Does tennis need to start thinking seriously about an industry-standard ‘grunt-ometer’? Without an accurate, objective way of measuring the shriekers and the screamers, how can you ever possibly introduce what the sport surely needs, which is a decibel limit (and perhaps an accompanying policy of three excessive grunts and you’re out).
We are forever being told that Maria Sharapova’s grunt has been measured at 105 decibels, making her as noisy as an ambulance siren, just louder than a small aircraft landing, and only just quieter than a lion’s roar. But the numbers for Maria’s shrieking are always unofficial, and potentially quite inaccurate, just as they are for Victoria Azarenka’s shrieking, and for every other ‘grunter’ who is monitored by the noise pollution vigilantes who take it upon themselves to point a decibel-counter. It has passed into tennis legend that when Monica Seles struck the ball, the noise she made was just under 100 decibels, so about as loud as a pneumatic drill. But how accurate was that reading?
The other day, when discussing grunting with Dr Stuart Miller, head of the International Tennis Federation’s science and technical department, he spoke of the difficulties of measuring grunting, and how all numbers were currently “unofficial”. If the sport is going to do something to quieten the grunters – and the indications are that they are becoming more pro-active about this – then one of the first things they need is an accurate, standardised way of knowing exactly how much noise the players are making.
Though some television broadcasters have been using on-court microphones – at this year’s Australian Open, Channel 7 had a ‘Whoo-meter’ – there is not a huge amount of science behind it. “There are so many factors involved in measuring grunting objectively and meaningfully, and it would be challenging to do that,” said Miller, with those factors believed to include acoustics in the stadium, and the positioning of the decibel-counter. “It’s so far only been unofficial. I think TV microphones have been used at some tournaments.”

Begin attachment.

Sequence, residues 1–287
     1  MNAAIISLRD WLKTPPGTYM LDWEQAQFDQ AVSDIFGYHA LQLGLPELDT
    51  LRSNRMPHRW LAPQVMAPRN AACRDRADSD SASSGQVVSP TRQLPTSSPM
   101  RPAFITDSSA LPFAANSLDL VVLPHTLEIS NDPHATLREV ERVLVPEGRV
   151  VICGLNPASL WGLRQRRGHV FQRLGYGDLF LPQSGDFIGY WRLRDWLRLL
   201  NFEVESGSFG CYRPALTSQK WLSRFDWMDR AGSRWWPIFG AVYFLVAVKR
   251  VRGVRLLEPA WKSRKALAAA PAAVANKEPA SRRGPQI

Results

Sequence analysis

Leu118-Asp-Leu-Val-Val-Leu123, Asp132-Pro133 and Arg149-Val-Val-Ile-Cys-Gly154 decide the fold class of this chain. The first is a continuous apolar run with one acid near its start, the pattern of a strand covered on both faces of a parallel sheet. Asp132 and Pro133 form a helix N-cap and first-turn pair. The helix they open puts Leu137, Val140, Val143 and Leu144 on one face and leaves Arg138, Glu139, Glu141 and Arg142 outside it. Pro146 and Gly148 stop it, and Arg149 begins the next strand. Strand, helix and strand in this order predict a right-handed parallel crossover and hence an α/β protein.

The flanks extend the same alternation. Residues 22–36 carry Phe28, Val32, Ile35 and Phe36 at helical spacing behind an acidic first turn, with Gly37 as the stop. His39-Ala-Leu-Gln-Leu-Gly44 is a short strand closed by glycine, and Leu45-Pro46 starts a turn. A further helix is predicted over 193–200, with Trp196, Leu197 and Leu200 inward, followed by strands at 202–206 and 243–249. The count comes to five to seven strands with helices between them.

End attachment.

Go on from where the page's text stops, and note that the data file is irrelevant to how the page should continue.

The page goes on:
The reason that the ITF are yet to develop a recognised grunt-ometer is that no one – no tour or tournament – has formally asked them to start looking into this issue. “People have mentioned it, but no one has officially said: ‘Please make some measurements’. Grunting has been on our radar indirectly, mainly through the publicity it has attracted around the tennis community over the last couple of years,” Miller said. “We haven’t been asked specifically to deal with anything, but would be happy to help if asked. But clearly we have been aware that there has been an issue which may be affecting the rules of tennis and some technical considerations within the game.”
Of course, there would soon be demands to put the live numbers from the grunt-ometers on a screen in the stadium, just as every tournament does now for the service speed-gun. But Wwould that add to the spectacle? Or risk cheapening and demeaning the whole sport?